There's no more prominent or fitting feather in the proverbial cap of Slovenia's viticulture bone fides than Maribor's Stara Trta, or simply the Old Vine, which holds the distinction of being the oldest in the world. Planted more than 400 years ago, it now covers the entire façade of the a 16th-century house found along the riverside promenade in Maribor's old town. It's seen quite a lot in its many days, and managed to survive everything from numerous medieval fires to vine lice and other plagues that wiped out all of its older brethren across the continent, and even Allied bombings during the Second World War that partially destroy the house on which it lives.
Now standing alone and certified by the Guinness Book of World Records, the venerable plant is rightly afforded a place of pride in the city, the region and the entire country, with various events held in its honour during the year - it's even got its own anthem, which old true citizens of Maribor know by heart. The attached house now serves as a museum dedicated to teaching visitors all there is to know about the wine culture of the region. The museum offers guided tours, and the house also boasts a wine shop and tasting room with an unparalleled collection of local wines. Since 2015, the floors of the house have also included an incredible artistic ode to the vine, in the form of a large flowing mosaic that tells stories of Maribor's past and draws on some five millennia of ornamental tradition.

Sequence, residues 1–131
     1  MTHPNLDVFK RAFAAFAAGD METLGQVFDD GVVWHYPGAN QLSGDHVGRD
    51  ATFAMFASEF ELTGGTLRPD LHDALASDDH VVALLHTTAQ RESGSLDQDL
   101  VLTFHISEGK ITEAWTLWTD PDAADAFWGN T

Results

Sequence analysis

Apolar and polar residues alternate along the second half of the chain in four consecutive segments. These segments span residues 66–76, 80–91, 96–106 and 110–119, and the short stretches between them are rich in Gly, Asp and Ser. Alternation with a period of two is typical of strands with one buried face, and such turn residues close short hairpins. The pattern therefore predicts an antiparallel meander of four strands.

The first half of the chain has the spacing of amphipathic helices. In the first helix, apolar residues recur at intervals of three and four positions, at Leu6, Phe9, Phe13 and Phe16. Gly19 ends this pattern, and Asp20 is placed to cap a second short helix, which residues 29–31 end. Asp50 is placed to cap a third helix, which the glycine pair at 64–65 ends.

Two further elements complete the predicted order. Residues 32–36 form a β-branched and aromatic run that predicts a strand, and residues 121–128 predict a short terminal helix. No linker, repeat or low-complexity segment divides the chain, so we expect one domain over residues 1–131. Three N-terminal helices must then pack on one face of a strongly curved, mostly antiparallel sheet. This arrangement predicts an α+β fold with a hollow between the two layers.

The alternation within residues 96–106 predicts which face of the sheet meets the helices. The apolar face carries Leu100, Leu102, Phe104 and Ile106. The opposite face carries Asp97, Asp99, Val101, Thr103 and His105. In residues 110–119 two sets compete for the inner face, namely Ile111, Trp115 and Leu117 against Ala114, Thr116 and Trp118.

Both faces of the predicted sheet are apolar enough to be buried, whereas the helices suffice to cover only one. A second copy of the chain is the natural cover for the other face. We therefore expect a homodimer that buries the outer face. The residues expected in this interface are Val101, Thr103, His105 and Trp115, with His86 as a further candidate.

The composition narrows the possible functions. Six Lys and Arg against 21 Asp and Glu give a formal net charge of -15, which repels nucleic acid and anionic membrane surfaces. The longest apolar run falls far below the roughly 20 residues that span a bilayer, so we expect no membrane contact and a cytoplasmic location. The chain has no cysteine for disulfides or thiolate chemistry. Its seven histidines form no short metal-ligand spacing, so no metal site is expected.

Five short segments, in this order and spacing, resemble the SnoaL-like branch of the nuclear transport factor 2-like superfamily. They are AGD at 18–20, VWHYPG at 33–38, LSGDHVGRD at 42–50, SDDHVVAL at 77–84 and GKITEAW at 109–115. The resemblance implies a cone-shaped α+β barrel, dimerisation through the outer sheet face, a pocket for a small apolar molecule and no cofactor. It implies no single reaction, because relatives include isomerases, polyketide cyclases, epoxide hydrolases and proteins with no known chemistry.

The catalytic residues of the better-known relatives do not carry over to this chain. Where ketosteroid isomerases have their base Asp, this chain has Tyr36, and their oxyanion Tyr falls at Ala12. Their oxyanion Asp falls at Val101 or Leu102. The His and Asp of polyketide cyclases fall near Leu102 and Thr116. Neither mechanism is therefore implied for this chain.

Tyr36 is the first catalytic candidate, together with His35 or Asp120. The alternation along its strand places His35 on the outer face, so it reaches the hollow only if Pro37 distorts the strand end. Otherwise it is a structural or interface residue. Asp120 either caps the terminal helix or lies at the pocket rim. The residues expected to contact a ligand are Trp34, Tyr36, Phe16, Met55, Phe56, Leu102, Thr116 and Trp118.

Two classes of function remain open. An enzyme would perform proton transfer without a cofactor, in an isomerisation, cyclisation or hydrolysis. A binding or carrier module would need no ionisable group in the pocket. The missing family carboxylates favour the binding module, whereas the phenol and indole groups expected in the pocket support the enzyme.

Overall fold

While the old vine, which is of the Žametovka or Modra Kavčina variety, still dutifully produces some 35kg to 55kg of grapes each year, you unfortunately won't be able to sample, let alone purchase, the wine made from them (unless you're a foreign head of state, high ranking dignitary, or perhaps the Pope), as the 25 litres or so is put into 250mL bottles specially crafted by famed Slovene designer Oskar Kogoj and strictly used for national protocol gifts. However, you're more than welcomed to join the various festivities throughout the year, including the officially Pruning of the Old Vine in February or March, and month-long Old Vine Festival, which culminates in Slovenia's largest St Martin's Day event on 11 November each year.